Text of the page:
In “L’affaire Tournesol”, Klaus builds up the basic track step by step, making room for an almost choral sounding Minimoog solo, which doesn’t sound as harsh as some of his solo playing during concert performances in the early eighties, but it does have the power and the climaxing notes to round it off and bringing the rhythmical piece to an extraordinary ending, using string sounds coming out of the Korg PS 3300. Klaus must have had a jolly good concert that night. On contrary, “Bona fide” is not as prolific and significant and gives the feeling that Klaus was probably a bit in a hurry that night.
CD 2 is rounded off by a fragment of a radio interview that took place on November 26th, 1980, two days before Klaus’ gig with Tommy Betzler (percussion) and Manuel Göttsching (guitar) at ‘Voorst Nationaal’ in Brussels. In the program ‘Kaleidofoon’ he is asked by interviewer Paul Verkempinck about the usage of the GDS computer in his concerts. Actually, that particular gig was pretty radical for the ‘old style’ Schulze fan, when taking notice of the reactions in one of the first KLEM magazines that came out shortly after the gig. “Schulze just played plain rock music”, “Klaus is directionless and lacks inspiration”…., to name just a few. Interesting: in 1980, Klaus Schulze was just at the start of his long journey through the digital age. The DIG IT record was a child of its time and opened doors for more experimentation on synthesizers such as the CS 80, PPG Wave and Fairlight, all recorded in glorious digital sound….
In addition, Klaus got more into drum programming too, partly due to his work with percussionist Michael Shrieve, as heard on CD 3. “I Remember Rahsaan” and “A Quick One” are variations on
“Silent Running”, the mighty second side of his monumental TRANCEFER album that came out in 1981. Also worth of mention is the flute and sax playing of Steve Jolliffe, the guy that was part of Tangerine Dream’s line-up of 1978 and left the band after a fight on stage with TD’s mastermind Edgar Froese during the last concert together in London in March 1978. The ‘little things’ that Jolliffe did with Schulze (and of which a longer part was released on the Wahnfried “Miditation” album in 1986), are nice, but not of great mention. They lack a certain ‘click’ between Steve and Klaus. “Count Me In” features elements from “Spielglocken” and “Tango Saty”, which appeared on the AUDENTITY album (1983), including the Simmons drums and the EEH drum computer, played and programmed by Shrieve.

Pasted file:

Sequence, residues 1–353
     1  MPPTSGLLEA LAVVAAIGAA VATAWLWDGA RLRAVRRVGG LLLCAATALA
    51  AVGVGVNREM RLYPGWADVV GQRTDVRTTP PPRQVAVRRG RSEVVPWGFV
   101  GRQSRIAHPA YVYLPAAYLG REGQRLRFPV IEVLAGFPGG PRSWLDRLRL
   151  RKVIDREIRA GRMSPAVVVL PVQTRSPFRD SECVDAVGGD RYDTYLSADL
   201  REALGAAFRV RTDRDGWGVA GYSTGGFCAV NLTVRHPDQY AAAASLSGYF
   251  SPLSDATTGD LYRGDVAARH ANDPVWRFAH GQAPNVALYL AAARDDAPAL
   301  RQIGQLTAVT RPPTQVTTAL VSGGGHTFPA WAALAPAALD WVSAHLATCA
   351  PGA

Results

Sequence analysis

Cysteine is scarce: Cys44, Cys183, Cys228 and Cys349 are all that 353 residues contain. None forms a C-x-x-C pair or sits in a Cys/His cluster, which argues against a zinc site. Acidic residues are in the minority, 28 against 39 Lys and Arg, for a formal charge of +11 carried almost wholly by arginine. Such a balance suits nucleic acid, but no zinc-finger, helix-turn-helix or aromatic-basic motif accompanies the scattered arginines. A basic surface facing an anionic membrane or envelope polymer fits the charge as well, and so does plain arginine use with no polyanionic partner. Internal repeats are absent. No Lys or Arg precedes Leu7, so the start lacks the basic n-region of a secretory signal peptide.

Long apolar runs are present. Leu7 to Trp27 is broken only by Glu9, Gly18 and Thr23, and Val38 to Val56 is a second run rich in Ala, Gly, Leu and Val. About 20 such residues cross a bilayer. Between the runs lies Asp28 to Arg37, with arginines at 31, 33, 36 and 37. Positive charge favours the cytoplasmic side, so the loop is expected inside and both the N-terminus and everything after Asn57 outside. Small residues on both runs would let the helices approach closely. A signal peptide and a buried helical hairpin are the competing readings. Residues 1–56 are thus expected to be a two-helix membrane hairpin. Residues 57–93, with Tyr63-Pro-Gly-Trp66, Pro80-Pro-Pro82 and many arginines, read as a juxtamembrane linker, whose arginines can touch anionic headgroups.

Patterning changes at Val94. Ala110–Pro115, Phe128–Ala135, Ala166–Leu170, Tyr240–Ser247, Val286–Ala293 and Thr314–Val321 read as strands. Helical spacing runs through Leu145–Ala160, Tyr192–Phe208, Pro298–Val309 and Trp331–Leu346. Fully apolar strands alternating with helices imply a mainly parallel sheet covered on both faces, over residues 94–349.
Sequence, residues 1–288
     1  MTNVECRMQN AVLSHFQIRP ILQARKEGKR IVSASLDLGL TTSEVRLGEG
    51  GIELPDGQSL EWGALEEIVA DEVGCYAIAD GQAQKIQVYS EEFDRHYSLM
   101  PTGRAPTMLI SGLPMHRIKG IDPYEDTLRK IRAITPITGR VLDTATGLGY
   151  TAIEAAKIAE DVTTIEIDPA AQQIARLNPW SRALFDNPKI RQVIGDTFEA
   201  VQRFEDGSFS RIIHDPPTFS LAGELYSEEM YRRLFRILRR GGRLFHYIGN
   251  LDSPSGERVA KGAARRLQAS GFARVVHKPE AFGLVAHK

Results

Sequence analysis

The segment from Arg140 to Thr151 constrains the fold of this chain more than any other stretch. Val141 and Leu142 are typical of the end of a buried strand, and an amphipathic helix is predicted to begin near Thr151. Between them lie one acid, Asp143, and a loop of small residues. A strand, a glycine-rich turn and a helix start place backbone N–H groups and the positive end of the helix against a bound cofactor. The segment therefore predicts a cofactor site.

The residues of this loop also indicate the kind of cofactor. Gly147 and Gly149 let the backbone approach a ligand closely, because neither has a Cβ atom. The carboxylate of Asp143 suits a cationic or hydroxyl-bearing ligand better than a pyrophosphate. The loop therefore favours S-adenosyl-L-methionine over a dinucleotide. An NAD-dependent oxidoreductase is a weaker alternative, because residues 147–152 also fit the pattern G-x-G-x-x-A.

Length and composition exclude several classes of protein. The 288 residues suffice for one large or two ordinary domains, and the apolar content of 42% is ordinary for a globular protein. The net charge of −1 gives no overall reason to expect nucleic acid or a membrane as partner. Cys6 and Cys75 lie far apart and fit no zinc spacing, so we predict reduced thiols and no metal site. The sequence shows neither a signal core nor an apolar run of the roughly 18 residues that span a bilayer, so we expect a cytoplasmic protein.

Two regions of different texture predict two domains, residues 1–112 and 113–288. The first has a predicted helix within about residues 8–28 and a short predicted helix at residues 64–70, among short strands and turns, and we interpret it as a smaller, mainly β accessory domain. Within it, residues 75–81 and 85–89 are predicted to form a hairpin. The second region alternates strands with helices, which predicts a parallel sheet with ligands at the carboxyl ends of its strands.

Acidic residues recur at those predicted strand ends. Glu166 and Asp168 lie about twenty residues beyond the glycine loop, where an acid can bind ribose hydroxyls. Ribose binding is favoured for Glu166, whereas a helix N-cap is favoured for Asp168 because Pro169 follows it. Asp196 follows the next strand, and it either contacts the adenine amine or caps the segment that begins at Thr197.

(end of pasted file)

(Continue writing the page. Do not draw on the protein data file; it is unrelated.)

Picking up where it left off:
“Zugabe Timbales” is actually the backing track of the encore that was performed by Klaus and his guest Manuel Göttsching on the fall 1981 tour throughout Europe.
“Keep Up with the Times” is reminiscent of the backing track that was used for the first main part of that same concert tour: a powerful endeavour and the ideal soundtrack for a long Autobahn drive. Finally, how far Schulze went during concerts can be heard on “The Martial Law”, where he gives it all on the Minimoog. What a contrast, compared to the elegant “L’affaire Tournesol” on CD 2. Just listen and be careful: this is angry, but melodic stuff in the typical Schulze eighties way!
The late seventies/early eighties’ work of Klaus Schulze is often overlooked and underrated by many. Hearing the material featured on this 3CD-set, one can discover the ‘other side’ of that particular period when analogue was still there, but digital was about to become the power to be.
And so on…
Wouter Bessels, July 2008